North Dakota is one of a minority of States holding that an action in tort for wrongfully inducing a breach of contract may only be maintained on proof that the breach of contract complained of was induced by direct fraud or coercion on the part of the defendant. The leading North Dakota case in point is Sleeper v. Baker, 22 N.D. 386, 134 N.W. 716, 39 L.R.A.,N.S., 864, followed in Wedwik v. Russell-Miller, 64 N.D. 690, 256 N.W. 107. There are no other North Dakota cases on the question.
The rule as stated in the Sleeper case is that an action in tort for damages for wrongfully inducing the breach of a contract will not lie against the parties charged "except where direct fraud or coercion has been used". 134 N.W. at p. 719. The word "force" does not appear in the opinion. The North Dakota court refers to the Kentucky case of Chambers v. Baldwin, 91 Ky. 121, 15 S.W. 57, 59, 11 L. R.A. 545, for a statement of the applicable rule of law. The opinion in the Kentucky case discusses at length the origin and history of an action in tort for wrongfully inducing the breach of a contract. The Kentucky court approved as correct the rule as stated in Cooley on Torts that "`An action cannot, in general, be maintained for inducing a third person to break his contract with the plaintiff; the consequence, after all, being only a broken contract, for which the party to the contract may have his remedy by suing upon it.'" The court concluded that an exception arises to the rule "where a person has been procured against his will, or contrary to his purpose, by coercion or deception of another to break his contract." Discussing the facts in the case before it the court said: "But as Wise was not induced by either force or fraud to break the contract in question, it must be regarded as having been done of his own will, and for his own benefit. And his voluntary and distinct act, not that of appellee, being the proximate cause of damage to appellants, they according to a familiar and reasonable principle of law, cannot seek redress elsewhere than from him." The words "force" and "coercion" as used by the Kentucky court are synonymous, either word meaning the exercise of such influence as compels a party against his will to breach his contract with another. There is no evidence in the present case to support a finding of the jury that the merchants were compelled against their will to abandon the contracts.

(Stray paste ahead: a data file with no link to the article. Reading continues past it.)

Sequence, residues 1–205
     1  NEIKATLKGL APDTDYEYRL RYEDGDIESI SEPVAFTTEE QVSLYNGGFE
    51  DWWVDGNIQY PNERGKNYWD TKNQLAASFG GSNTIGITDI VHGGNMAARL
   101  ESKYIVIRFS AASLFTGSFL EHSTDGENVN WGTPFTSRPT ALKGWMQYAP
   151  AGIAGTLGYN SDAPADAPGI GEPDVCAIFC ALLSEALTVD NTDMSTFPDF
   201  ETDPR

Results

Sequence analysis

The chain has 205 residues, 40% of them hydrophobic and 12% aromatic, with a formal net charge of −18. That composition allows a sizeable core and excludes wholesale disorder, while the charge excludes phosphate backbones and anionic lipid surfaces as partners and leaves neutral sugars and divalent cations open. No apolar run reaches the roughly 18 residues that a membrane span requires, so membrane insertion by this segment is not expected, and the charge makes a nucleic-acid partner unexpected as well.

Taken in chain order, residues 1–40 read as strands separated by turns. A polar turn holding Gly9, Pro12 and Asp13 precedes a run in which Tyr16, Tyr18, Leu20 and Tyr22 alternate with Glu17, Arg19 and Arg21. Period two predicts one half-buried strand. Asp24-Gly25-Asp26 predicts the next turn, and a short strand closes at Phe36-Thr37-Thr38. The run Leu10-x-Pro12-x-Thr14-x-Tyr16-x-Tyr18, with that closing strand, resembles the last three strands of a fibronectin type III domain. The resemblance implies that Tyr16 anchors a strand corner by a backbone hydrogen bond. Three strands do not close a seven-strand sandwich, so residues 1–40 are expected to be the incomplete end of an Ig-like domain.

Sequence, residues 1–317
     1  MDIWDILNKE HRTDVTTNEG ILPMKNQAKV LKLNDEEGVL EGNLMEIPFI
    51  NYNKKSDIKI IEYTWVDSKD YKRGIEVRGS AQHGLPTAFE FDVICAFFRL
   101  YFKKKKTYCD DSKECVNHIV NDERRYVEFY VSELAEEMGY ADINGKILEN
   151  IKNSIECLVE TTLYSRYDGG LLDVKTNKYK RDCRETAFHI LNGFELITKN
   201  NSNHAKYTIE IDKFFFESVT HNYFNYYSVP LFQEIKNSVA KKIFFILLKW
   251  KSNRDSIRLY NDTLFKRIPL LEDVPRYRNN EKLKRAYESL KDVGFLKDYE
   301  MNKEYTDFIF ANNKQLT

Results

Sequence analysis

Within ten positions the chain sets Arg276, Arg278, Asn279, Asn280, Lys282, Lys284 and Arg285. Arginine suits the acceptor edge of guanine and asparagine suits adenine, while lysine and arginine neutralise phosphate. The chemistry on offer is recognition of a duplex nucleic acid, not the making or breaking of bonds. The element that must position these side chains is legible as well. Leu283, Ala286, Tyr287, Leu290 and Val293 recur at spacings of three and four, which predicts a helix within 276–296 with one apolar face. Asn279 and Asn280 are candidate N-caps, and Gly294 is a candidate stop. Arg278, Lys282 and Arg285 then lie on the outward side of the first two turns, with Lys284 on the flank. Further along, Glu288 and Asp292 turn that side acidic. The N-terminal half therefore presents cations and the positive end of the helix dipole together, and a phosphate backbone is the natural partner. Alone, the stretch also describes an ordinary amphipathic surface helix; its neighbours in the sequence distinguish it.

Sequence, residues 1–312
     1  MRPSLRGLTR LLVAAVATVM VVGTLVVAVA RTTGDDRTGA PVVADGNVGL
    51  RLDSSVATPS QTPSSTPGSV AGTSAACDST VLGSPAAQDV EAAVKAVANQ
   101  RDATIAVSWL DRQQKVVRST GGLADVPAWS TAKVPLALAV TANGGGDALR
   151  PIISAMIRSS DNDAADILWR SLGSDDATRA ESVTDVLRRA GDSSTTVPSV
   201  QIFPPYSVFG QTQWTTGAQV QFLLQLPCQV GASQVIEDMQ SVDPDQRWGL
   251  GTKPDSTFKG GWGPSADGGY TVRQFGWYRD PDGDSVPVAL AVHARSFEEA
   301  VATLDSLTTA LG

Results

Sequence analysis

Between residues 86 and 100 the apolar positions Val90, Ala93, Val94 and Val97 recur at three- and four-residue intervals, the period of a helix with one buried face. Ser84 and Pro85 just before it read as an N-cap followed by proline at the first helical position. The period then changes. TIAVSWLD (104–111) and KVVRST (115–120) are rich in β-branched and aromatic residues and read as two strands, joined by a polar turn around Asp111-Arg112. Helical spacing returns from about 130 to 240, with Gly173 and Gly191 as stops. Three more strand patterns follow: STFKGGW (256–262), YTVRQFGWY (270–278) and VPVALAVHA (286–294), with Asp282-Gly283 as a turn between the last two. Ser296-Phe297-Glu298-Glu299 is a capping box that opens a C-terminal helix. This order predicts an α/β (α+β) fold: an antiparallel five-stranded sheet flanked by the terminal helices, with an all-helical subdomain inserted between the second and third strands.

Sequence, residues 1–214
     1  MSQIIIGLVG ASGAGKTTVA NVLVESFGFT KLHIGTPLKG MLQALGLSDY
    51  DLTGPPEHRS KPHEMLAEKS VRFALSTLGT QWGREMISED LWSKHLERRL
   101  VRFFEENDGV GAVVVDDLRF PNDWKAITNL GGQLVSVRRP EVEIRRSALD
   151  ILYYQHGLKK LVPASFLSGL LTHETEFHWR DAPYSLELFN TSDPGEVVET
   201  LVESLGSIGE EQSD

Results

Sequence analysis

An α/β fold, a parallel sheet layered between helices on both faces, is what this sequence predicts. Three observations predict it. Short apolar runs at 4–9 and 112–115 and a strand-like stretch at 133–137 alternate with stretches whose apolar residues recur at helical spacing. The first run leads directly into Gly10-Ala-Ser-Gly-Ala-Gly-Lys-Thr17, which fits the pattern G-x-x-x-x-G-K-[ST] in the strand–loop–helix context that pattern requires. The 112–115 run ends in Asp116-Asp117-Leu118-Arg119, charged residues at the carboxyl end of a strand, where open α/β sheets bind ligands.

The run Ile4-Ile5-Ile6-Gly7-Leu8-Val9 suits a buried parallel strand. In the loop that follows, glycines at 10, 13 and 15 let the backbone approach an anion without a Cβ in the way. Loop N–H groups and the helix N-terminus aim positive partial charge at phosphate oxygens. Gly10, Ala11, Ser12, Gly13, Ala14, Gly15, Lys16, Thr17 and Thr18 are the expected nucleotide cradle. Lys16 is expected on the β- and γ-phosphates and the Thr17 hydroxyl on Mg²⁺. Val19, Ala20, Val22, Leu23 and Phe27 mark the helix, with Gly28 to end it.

For the breach of plaintiff's contracts insofar as it was shown to have been procured by the fraud of the defendant the plaintiff was entitled to recover such compensatory damages as the evidence showed to have been the natural and proximate consequences of the breach. Since the evidence failed to establish actual damages, no punitive damages were recoverable, and only nominal damages could have been allowed.
The judgment of the District Court is reversed, and the case is remanded for a new trial in conformity with this opinion.